Recently, slagging combustors have been developed which substantially reduce NOx and SO2 emissions. Slagging combustors also have the benefit of converting 60-90% of the noncombustible material in the fuel (the ash) into a vitrified slag which is resistant to leaching. While slagging combustors capture most of the NOx, SO2, and particulate (ash) produced by combustion, additional NOx, SO2, and particulate controls are needed to achieve very low emissions.
Lignite coke (i.e., activated coke derived from lignite) systems have been employed to remove SO2, NOx, and gaseous toxic pollutants. They also capture fly ash. These systems have been used downstream of cyclone boilers and municipal waste garbage incinerators. Because coke consumption becomes unacceptably high if these systems are used as the sole SO2 and fly ash control, they have been utilized in a staged process which includes a number of expensive devices. For example, for coal fired boilers, an electrostatic precipitator is typically used for fly ash precipitation. Then, a flue gas desulphurization (FGD) apparatus is used to remove SO2. Because the lignite coke system will remove residual SO2, the FGD may be a lower cost device capable of only moderate SO2 removal. Such a system could comprise a suspension of hydrated lime sprayed into the flue gas stream within a reaction section. In this case, another electrostatic precipitator is used for the precipitation of the desulfurized products from the desulphurization apparatus.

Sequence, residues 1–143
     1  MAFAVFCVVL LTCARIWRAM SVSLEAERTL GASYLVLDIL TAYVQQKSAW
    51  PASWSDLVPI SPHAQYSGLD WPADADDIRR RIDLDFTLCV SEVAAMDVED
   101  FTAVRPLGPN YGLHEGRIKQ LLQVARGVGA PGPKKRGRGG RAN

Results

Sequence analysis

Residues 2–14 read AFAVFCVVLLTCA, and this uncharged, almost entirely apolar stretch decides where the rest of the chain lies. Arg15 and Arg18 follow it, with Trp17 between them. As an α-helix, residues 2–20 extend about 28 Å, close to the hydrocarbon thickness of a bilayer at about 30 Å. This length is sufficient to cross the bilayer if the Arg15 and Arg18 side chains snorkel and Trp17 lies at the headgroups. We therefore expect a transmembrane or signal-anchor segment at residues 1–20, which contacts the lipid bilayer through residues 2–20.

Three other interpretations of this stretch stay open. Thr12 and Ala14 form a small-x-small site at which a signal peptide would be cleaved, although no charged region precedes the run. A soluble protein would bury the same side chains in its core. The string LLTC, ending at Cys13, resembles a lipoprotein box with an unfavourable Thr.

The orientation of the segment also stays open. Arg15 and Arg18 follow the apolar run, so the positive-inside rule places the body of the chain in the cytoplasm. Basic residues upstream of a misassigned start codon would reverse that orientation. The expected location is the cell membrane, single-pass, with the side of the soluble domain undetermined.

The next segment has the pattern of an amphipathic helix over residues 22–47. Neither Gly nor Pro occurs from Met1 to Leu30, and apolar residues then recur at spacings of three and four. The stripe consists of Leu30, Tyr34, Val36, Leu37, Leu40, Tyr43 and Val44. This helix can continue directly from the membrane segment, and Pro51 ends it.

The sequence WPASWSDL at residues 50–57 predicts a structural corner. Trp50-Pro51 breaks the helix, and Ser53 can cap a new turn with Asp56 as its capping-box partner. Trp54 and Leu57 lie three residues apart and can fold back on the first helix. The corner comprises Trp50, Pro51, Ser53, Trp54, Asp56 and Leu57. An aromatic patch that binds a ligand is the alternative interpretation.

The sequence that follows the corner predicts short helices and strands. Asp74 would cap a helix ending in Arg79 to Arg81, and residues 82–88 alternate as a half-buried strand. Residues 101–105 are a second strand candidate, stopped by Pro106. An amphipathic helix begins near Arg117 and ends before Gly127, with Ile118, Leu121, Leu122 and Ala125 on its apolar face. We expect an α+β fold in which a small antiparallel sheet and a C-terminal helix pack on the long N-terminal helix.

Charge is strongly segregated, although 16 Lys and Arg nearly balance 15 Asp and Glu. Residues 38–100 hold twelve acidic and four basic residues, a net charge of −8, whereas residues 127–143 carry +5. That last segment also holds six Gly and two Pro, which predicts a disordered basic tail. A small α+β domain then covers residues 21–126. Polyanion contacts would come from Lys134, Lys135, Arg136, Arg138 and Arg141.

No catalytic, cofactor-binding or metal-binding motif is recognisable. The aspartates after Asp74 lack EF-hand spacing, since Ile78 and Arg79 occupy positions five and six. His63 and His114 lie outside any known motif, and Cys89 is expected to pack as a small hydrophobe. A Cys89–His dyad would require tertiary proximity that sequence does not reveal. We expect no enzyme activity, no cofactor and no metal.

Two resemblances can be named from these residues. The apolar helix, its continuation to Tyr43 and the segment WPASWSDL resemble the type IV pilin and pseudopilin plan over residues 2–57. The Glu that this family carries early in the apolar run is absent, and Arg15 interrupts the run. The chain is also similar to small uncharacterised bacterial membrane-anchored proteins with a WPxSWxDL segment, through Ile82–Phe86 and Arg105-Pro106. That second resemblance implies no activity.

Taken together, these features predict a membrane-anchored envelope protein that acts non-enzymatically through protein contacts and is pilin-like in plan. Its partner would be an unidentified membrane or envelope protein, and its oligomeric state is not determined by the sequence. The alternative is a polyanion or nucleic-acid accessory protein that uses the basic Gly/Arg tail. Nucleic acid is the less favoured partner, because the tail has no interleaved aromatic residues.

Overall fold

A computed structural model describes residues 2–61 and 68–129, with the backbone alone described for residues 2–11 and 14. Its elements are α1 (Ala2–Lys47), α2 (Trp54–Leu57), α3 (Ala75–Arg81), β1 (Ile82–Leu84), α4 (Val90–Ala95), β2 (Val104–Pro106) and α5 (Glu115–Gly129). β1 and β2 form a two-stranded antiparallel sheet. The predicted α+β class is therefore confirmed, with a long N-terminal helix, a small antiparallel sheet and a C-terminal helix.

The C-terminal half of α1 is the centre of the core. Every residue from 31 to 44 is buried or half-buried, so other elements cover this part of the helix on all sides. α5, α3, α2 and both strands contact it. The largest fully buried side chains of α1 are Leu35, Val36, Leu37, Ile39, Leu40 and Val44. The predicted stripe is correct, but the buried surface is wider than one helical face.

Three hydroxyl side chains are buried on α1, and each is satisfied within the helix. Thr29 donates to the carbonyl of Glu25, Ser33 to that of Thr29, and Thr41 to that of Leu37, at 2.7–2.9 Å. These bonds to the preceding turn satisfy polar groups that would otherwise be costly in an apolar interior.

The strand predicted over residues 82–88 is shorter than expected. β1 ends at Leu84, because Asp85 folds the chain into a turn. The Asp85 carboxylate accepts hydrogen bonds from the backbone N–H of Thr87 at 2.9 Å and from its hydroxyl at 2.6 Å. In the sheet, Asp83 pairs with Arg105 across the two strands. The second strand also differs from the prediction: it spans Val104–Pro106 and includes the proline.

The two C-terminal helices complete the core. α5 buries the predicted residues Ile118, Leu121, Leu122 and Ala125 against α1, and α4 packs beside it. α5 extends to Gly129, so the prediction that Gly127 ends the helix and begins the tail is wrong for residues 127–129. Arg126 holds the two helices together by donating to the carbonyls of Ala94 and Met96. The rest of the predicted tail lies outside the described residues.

It is a general object of the present invention to provide a method and apparatus for suppression of the multiple pollutants produced by a combusted fuel.
It is a more particular object of the present invention to provide a method and apparatus for suppression of gaseous pollutants, gaseous and solid toxic pollutants, and leachable waste material pollutants produced by a combusted fuel.
It is another object of the present invention to take advantage of the synergistic attributes of two distinct technologies by combining them to produce an efficient and enhanced method and apparatus for suppression of multiple pollutants produced by a combusted fuel.
It is a related object of the present invention to provide an efficient pollution suppression apparatus which does not rely upon elaborate pollution suppression devices such as scrubbers, spray dryers, or high efficiency particulate controls.